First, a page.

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| HIPAA Compliance
|HIPAA is the United States Health Insurance Portability and Accountability Act of 1996. There are two sections to the Act.
HIPAA Title I deals with protecting health insurance coverage for people who lose or change jobs. HIPAA Title II includes an administrative simplification section which deals with the standardization of healthcare-related information systems. HIPAA Title II is the section with IT implication for private and public, halth and medical organizations as HIPAA Title II establishes mandatory regulations that, in all likelihood, require extensive changes to the way health providers conduct business.
HIPAA Title II seeks to establish standardized mechanisms for electronic data interchange (EDI), security, and confidentiality of all healthcare-related data. The Act mandates: standardized formats for all patient health, administrative, and financial data; unique identifiers (ID numbers) for each healthcare entity, including individuals, employers, health plans and health care providers; and security.
The key elements of Title II are enumerated in 45 CFR Part 142 Subpart C, a Security and Electronic Signature rule proposed in 1998. In §142.308, the key elements are enumerated in section (a):
Certification - an internal or audited review
Chain of Trust – agreement with partners to protect data integrity and
Contingency Plan – a routinely updated plan that includes performing backups
Privacy regulations only pertain to "covered entities," which include healthcare providers, health plans, and healthcare clearinghouses. Covered entities are required to have contracts (a Certification) with their business partners who may come into contact with data that would limit the business partner's uses and disclosures of the protected health information to those permitted by the contract, a system that complies with reasonable security standards.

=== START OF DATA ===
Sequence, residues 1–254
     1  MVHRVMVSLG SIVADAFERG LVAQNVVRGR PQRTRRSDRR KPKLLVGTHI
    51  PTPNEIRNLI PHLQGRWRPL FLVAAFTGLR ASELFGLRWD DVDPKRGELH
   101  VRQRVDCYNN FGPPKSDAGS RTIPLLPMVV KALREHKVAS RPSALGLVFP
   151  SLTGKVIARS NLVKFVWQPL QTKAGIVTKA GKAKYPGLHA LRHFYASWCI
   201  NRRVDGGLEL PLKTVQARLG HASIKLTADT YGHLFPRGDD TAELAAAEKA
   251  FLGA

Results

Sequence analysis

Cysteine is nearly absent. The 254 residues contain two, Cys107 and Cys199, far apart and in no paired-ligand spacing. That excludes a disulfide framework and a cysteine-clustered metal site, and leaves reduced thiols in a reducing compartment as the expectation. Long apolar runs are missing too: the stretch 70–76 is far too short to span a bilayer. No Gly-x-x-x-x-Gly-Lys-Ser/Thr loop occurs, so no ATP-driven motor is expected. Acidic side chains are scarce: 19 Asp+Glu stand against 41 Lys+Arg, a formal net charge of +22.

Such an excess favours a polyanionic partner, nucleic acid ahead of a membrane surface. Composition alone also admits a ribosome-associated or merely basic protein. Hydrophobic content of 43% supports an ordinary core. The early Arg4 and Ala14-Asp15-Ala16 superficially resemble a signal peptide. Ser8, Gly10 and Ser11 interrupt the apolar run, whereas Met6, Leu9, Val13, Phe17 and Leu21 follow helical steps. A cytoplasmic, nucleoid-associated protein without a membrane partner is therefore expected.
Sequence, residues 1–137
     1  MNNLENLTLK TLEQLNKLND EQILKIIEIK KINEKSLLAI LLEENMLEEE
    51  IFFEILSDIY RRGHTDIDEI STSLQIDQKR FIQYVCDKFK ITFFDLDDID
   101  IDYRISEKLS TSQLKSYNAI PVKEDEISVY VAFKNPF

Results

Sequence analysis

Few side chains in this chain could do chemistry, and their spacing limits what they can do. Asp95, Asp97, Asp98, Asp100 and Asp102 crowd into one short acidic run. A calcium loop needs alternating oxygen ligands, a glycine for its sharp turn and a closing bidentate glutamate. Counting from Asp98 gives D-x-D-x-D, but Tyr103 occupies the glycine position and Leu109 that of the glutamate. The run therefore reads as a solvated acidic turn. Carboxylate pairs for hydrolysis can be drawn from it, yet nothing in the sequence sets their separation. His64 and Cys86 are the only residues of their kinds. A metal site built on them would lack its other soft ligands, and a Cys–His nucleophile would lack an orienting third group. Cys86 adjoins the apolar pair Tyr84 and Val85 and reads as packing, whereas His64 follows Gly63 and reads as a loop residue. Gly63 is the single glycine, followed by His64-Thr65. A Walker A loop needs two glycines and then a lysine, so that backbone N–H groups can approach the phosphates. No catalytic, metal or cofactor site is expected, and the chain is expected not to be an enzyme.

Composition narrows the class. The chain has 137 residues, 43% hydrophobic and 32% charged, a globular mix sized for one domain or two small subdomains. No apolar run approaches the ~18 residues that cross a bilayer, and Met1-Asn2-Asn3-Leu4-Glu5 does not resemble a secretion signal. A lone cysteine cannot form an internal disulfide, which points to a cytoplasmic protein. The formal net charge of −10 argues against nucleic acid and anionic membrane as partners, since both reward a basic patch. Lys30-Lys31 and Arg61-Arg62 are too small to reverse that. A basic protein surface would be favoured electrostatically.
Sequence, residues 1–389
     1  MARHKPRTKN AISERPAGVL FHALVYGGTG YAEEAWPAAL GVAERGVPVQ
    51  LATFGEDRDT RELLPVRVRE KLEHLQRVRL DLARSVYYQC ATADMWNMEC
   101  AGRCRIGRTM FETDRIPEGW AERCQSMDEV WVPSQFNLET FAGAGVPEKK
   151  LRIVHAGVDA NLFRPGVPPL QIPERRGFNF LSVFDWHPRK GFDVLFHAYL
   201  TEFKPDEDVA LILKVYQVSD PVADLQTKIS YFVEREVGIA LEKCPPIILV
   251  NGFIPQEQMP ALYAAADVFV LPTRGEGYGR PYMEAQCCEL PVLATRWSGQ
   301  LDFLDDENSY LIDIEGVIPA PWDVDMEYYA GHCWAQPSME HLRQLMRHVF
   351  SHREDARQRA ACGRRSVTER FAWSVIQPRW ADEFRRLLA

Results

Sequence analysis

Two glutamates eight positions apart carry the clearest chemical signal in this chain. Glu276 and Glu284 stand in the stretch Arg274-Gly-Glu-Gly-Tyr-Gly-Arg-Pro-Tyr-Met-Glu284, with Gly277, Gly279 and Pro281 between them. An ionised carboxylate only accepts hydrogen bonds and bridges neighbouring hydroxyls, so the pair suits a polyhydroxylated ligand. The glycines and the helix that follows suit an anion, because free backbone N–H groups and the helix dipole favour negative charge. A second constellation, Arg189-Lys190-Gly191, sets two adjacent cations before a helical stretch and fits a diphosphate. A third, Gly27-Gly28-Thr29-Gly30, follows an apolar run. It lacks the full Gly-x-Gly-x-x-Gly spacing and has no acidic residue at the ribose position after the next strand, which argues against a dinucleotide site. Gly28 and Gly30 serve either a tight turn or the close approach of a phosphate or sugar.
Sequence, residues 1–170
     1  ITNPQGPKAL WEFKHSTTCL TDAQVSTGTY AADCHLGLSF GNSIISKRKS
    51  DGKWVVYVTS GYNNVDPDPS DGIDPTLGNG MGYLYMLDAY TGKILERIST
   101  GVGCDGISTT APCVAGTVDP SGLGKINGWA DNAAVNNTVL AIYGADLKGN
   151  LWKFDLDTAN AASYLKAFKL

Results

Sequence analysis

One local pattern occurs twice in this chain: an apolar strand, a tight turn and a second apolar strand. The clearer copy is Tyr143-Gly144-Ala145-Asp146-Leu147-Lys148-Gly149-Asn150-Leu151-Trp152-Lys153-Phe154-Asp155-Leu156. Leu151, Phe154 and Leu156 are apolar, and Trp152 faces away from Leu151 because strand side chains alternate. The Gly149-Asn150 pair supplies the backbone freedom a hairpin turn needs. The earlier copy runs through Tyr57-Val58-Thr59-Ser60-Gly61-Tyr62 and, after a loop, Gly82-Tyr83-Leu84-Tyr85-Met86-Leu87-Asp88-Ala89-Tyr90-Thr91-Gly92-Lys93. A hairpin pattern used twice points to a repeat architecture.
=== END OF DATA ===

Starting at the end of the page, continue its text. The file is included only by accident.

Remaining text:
Finally there must be a Contingency Plan. As per §142.308(a)(3), the elements of the Contingency Plan must include:
2. Data Backup
3. Disaster Recovery
4. Emergency Mode Operation Plan
5. Testing and Revision Procedures
There are other security aspects including control of access, passwords, internal
audit, etc., which are beyond the scope of this analysis but which are important to
consider when evaluating a Backup System.
While HIPAA Title II requires no specific technology – no particular length of
encryption, no particular type of backupm the implications are clear, health care providers need to protect and secure their patients cinfidentiality and data.
HIPAA does require a Backup System, and the data stored in the Backup System must be protected within the same standards as the original data. That is where Factory7 comes in.
The Proposed Rule calls for a Data Backup to “create and maintain, for a specific period of time, retrievable, exact copies of information.” The backups must allow an enterprise to “restore any loss of data in the event of fire, vandalism, natural disaster, or system failure”
The Backup system must meet all of the Security requirements by being secure, confidential, available only to authorized personnel, and subject to the same electronic and physical safeguards as the original data.
An automatic, encrypted remote backup system with redundant servers is the ideal
way to comply with HIPAA, because it meets and exceeds each of HIPAA’s
If your health care company or medical practice needs assistance, Factory7 can assist you. Give us a call and let us show you how we can assist you become HIPAA compliant.